Cyclone Energy earns third consecutive first place finish in Green Energy Challenge

The ISU NECA team poses outside of Edwards Elementary School in Ames (Photo by Kate Tindall)
The ISU NECA team poses outside of Edwards Elementary School in Ames (Photo by Kate Tindall)

THE TEAM: Mid-September in a Cyclone Energy practice session. Ten students listen as their peers, one by one, run through a presentation for an ELECTRI/International NECA Green Energy Challenge (GEC) proposal. One member, Regan, makes edits to the PowerPoint. The group throws comments up rapid-fire style. There is joking, but there is also an edge in the room. This is a two-time GEC championship team. They aim for a three-peat.

Early October. The team is standing on a stage in Boston. Each member’s job? Present a 50-page energy upgrade proposal for Ames’ Edwards Elementary School. And bring home a third consecutive first place finish for Iowa State University (ISU). No pressure …

THE LEADERS: Caleb Bonderer is a senior in construction engineering. This year, he’s the president of the ISU National Electrical Contractors Association (ISU NECA). His first experience of Cyclone Energy came during a 15-minute class consultation with Department of Civil, Construction and Environmental Engineering (CCEE) Senior Lecturer Beth Hartmann.

“Forty-five minutes later, I was walking out the door and I was signed up for Green Energy Challenge,” Bonderer says, repressing a small laugh. “I didn’t really know what had happened, but she had recruited me to be a part of the team.”

Through the immense work of the GEC proposal submission, poster and oral presentations (read more here), Bonderer says Hartmann drives the team. He admits that working for her is “really is like working for your mom, which is kind of fun.”

The ISU NECA president knows how his advisers and his team click. He’s been a member of Cyclone Energy for the last two years. Since the team swept their third consecutive first-place finish this October, the road to a four-peat will be tricky.

“I think they definitely have a target on their back,” Bonderer says of Cyclone Energy. “There’s no doubt about it.”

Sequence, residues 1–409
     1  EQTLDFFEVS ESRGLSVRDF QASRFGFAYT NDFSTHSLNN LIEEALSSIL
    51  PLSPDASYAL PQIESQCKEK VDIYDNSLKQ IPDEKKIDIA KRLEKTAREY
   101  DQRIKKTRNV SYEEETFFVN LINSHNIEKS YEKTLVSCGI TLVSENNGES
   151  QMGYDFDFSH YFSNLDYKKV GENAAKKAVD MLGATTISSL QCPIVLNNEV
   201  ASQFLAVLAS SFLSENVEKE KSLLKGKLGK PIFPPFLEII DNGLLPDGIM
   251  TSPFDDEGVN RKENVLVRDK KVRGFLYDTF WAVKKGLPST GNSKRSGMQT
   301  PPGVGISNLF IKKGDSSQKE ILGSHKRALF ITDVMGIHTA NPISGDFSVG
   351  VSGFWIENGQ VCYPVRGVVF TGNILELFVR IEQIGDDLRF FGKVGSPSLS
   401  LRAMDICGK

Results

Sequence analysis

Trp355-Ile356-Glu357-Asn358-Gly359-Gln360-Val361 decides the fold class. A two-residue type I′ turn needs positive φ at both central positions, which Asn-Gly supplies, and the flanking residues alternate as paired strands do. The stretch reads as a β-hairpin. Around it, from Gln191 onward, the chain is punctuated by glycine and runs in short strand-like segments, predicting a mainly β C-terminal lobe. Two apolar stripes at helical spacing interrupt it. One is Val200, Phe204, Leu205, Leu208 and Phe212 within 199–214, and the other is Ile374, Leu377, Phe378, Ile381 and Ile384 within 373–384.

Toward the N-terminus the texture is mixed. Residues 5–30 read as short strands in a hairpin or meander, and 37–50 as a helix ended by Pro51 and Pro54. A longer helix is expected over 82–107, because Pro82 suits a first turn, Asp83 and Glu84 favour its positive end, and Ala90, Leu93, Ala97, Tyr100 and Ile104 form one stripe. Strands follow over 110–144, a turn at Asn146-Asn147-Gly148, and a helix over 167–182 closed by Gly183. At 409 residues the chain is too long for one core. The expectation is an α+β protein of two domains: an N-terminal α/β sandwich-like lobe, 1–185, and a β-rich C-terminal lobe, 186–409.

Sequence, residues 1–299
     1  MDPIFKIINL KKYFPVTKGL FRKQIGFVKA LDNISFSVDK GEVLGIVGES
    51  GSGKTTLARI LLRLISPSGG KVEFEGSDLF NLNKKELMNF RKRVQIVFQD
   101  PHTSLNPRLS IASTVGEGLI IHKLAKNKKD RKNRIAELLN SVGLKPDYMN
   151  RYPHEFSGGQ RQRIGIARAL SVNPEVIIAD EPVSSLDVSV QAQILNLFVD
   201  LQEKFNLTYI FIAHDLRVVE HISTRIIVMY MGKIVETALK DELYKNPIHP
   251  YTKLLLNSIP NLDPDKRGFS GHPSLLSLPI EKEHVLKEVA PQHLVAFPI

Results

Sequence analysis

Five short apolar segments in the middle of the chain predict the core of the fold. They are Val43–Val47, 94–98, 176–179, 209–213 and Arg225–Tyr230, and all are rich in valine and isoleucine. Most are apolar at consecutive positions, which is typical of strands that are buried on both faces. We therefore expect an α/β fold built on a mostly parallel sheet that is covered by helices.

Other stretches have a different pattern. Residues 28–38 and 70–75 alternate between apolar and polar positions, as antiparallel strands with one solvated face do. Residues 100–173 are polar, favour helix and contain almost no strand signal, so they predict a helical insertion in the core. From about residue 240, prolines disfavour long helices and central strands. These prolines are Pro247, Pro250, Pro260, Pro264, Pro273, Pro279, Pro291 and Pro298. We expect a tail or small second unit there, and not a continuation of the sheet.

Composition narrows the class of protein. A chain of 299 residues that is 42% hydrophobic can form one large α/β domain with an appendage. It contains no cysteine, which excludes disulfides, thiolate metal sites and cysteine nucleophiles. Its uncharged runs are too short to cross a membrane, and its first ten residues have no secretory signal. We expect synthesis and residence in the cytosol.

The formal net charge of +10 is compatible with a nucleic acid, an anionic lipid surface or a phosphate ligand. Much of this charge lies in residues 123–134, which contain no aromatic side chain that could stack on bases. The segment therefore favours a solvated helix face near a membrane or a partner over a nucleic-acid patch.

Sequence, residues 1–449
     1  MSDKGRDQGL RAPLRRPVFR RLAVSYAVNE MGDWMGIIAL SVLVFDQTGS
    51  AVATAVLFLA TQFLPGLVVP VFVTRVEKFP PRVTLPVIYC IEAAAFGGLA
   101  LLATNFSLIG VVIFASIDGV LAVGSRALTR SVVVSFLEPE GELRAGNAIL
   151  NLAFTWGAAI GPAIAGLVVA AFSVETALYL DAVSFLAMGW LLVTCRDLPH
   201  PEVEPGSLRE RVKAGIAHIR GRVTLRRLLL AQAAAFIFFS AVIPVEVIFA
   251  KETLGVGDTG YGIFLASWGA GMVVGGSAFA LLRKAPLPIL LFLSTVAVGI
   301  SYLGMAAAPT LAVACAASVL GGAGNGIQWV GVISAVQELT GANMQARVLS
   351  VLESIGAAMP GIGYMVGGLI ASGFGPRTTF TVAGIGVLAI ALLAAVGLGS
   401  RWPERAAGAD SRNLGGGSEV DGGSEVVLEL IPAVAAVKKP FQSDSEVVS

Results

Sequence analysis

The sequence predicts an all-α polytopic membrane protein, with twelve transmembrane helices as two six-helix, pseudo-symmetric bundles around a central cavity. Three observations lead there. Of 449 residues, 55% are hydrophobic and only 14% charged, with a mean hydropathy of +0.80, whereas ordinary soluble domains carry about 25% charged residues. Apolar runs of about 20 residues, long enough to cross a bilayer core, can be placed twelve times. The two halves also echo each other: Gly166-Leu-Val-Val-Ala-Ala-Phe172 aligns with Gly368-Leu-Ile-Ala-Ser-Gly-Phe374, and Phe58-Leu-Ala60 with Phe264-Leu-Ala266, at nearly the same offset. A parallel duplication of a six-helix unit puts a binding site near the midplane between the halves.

But this is the team that doesn’t quit. Bonderer foresees Cyclone Energy trying new and exciting competitions. He even wants to start prepping now for GEC’s 2017 national competition in Seattle.

“The moment we can, we start,” Bonderer says. “And we try to hit hard.”

ISU NECA team members visit Harvard in Boston during the 2016 Green Energy Challenge (Photo courtesy Beth Hartmann)
ISU NECA team members visit Harvard in Boston during the 2016 Green Energy Challenge (Photo courtesy Beth Hartmann)

THE GUIDANCE: Beth Hartmann’s team calls her ‘Momma Bear.’ Meeting Hartmann, you understand the nickname. Words like ‘amazing,’ ‘hilarious,’ and a ‘handful’ are all affectionately used to describe Hartmann by Cyclone Energy members. She will challenge them to succeed. That’s not just because Hartmann has created an independent study out of the tough work her students do for GEC, but also because she knows the significance of that work.

“It is about how to be successful in our industry, how to communicate with our industry partners and people that are giving us advice,” Hartmann emphasizes.

The two faculty advisers to the group, Hartmann and CCEE Senior Lecturer Jenny Baker, knew the 2016 GEC proposal prompt would be exciting. Each proposal needed to design an energy update for a community school. The team picked Edwards Elementary, and unique challenges cropped up.

“How do we show and recommend improvements on this building that’s only a couple years old?” Baker remembers thinking shortly after the decision to use the newly-constructed school was made.

Baker further explained that members did an extensive audit of the facility. They suggested LED lighting, shading for glare control, and further lighting control options.

“You had to look, and you had to really think,” Baker recalled of the task.

In the months leading up to competitions, Cyclone Energy calls on the state chapter of NECA and its contractors (some of which are ISU alumni) for advice. Feedback for the proposal, Q&A sessions during the final competition preps … the advising is crucial.

“In the university setting, you learn a lot of stuff from books,” Hartmann explains. “You need people with industry experience to help make that connection of, ‘Here’s what I learned in the book, and here’s how I’m going to apply it in our industry.’”

When the 2016 GEC rolled around, the work paid off.

“It is all the things that we hope to teach them in our program,” Hartmann says of the challenge.

THE PAST: The ISU student chapter of NECA was first established in 1998. 2009 ushered in the first GEC, with ISU competing. Alumnus Matt Jahnke (BSConE2010) was a member of the first team.